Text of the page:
the internet makes the world a smaller place and it’s bound to knock the barriers down…. eventually. just glance around your younger friends and relatives on facebook and compare their willingness to let the world see what they’re doing with your own approach to the platform.

    i’m sure they’ll get there eventually, but wouldn’t it be great for a club or two to take the lead. if demonstrable benefits can be found, the rest will soon follow.

  4. Martin says:

    Sure the American sports press may have more access and the ability to get more quotes from athletes. Of course, 99.9% of the athletes quotes come straight from the cliche-o-matic (we’re just taking it one game at a time, we did our best, they’re a great team, my teammates played well, we just executed the game plan, etc.), so what’s the real benefit of the extra access? There’s a similar dearth of personalities and actual interesting interviews/quotes with American athletes as well, with the rare exception (say a Charles Barkley or Terrell Owens).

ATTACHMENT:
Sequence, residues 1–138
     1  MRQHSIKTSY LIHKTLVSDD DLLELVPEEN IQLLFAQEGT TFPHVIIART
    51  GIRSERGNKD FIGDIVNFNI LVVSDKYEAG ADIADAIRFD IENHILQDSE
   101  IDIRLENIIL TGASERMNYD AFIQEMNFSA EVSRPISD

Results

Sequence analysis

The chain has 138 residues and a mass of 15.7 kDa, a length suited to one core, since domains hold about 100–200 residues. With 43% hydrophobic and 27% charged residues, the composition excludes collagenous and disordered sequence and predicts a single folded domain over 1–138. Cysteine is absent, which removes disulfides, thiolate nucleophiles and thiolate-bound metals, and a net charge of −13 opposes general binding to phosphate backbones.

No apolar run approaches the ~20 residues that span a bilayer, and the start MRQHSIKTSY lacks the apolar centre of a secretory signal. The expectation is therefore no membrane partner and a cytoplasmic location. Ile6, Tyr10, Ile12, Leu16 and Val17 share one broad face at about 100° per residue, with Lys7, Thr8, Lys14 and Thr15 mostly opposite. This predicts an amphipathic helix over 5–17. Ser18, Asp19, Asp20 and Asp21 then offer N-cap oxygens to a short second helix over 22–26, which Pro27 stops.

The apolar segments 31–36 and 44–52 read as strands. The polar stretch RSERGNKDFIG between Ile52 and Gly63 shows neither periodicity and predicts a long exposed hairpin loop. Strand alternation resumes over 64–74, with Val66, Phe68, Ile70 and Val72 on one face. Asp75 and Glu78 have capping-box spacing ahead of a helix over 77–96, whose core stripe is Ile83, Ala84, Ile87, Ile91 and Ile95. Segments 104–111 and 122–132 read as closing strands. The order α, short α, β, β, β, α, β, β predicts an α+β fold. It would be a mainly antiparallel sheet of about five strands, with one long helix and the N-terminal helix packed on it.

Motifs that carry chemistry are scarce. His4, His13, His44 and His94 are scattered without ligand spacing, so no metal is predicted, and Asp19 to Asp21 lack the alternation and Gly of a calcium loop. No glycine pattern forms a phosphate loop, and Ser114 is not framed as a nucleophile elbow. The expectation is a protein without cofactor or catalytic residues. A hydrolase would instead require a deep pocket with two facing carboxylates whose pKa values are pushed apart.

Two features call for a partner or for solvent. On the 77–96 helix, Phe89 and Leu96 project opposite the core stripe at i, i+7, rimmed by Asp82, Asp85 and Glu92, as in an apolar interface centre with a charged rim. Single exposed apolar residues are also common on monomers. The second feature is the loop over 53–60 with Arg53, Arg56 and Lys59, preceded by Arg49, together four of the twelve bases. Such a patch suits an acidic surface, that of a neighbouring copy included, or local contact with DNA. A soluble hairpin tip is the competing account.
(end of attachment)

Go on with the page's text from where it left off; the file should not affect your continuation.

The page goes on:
But the far more likely quote and interview will be with athlete cliche quote-bots like Tiger Woods, Derek Jeter, A-Rod, Peyton Manning, etc., that have nothing interesting to say to the press. Post-game news conferences are 99.99% of the time absolutely painfully boring to watch or listen to. Sure we get more access, but there’s rarely anything substantive or interesting that comes from it.

    • The Guvnah says: